This will not be pretty if row goes all the way to a tri­bunal

Rac­ing it­self may suf­fer col­lat­eral dam­age in the af­ter­math of Bushell’s toxic exit from the Jockey Club

The Daily Telegraph - Business - - Sport | Racing - Rac­ing Cor­re­spon­dent

It would ap­pear likely that no one – not the Jockey Club, Delia Bushell or rac­ing – will emerge un­scathed from the chief ex­ec­u­tive’s high-pro­file de­par­ture af­ter less than a year as the or­gan­i­sa­tion’s first fe­male in charge.

Af­ter Bushell’s ex­plo­sive res­ig­na­tion let­ter on Sun­day, it is not go­ing to be pretty and the Jockey Club might need its cow­boy sad­dle be­cause it looks like it is in for a rodeo ride.

Even though the 270-yearold or­gan­i­sa­tion is con­fi­dent it went through wa­ter­tight due process with re­gard to em­ploy­ment law – hir­ing a spe­cial­ist firm to deal with the dis­pute – and that it has a ro­bust case against Bushell, it would clearly pre­fer this not to end up at a tri­bunal.

It is un­der­stood that Bushell, who has em­phat­i­cally de­nied the club’s al­le­ga­tions, was dis­missed and given five days to agree her exit. But by go­ing pub­lic with her res­ig­na­tion let­ter, it is clear she has cho­sen to fight fire with fire.

To counter her let­ter, the club re­tal­i­ated by also go­ing pub­lic with the in­di­vid­ual charges, which do not make good read­ing.

What is abun­dantly clear is that af­ter less than a year in the job, re­la­tions be­tween Bushell and the Jockey Club mem­bers and her fel­low ex­ec­u­tives were strained be­fore, even­tu­ally, be­com­ing toxic and break­ing down al­to­gether.

The fi­nal straw for many was the ex­tended ne­go­ti­a­tions with

ITV over cov­er­age – but hav­ing come from BT Sport and Sky me­dia, rights are Bushell’s spe­cial­ist area. The deal was even­tu­ally signed last month.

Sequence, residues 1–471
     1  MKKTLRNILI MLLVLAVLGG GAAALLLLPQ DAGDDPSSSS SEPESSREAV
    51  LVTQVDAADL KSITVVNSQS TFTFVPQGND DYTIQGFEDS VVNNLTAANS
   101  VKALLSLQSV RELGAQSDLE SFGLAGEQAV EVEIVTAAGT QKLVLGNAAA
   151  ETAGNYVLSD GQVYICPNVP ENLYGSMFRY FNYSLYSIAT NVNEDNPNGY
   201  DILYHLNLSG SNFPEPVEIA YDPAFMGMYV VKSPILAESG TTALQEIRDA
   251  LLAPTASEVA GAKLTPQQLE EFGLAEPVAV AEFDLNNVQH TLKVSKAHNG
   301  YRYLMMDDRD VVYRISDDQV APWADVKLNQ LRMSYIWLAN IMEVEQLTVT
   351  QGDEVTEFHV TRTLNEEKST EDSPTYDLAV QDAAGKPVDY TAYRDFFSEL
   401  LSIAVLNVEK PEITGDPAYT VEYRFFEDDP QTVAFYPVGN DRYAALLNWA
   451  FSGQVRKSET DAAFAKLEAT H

For out­siders, the dis­pute will re­in­force all the stereo­types that the Jockey Club is a bunch of old, misog­y­nist, landed toffs whose “club” is not com­mer­cial and who are out of their depth in the cor­po­rate world. That is out­dated, though. Owner of 15 race­courses, in­clud­ing Cheltenham, Ain­tree, New­mar­ket and Ep­som, un­til Covid came along, the club had an an­nual turnover of £200 mil­lion, dou­ble what it was 10 years ago.

The av­er­age age of its 12-strong ex­ec­u­tive man­age­ment team is in the for­ties and many of them have ex­pe­ri­ence work­ing for blue-chip com­pa­nies. These days, women hold posts through­out its struc­ture.

Rac­ing is likely to suf­fer a de­gree of col­lat­eral dam­age. Bushell can be viewed as the re­former brought in to shake things up but who met re­sis­tance. The Bri­tish Horserac­ing Author­ity is about to seek changes from the Gov­ern­ment in the Levy sys­tem but there will be plenty of MPs will­ing to be­lieve that the BHA is just an ex­ten­sion of the Jockey Club.

Where this leaves Sandy Dud­geon, the chief stew­ard, is not clear but one imag­ines it places him on fairly thin ice. Hav­ing ap­pointed Bushell, he was just about her last sup­porter, but if the buck stops with him, it will also fall at his feet if the Jockey Club was to lose an ac­tion against her or be forced into a pay­out.

Bushell has al­ready played one game of chicken with ITV. The ques­tion now is will she play an­other with her old em­ployer?

If it goes to court, the in­sti­tu­tion will have more to lose than its for­mer chief ex­ec­u­tive. Rac­ing, mean­while, will watch on to see who blinks first.

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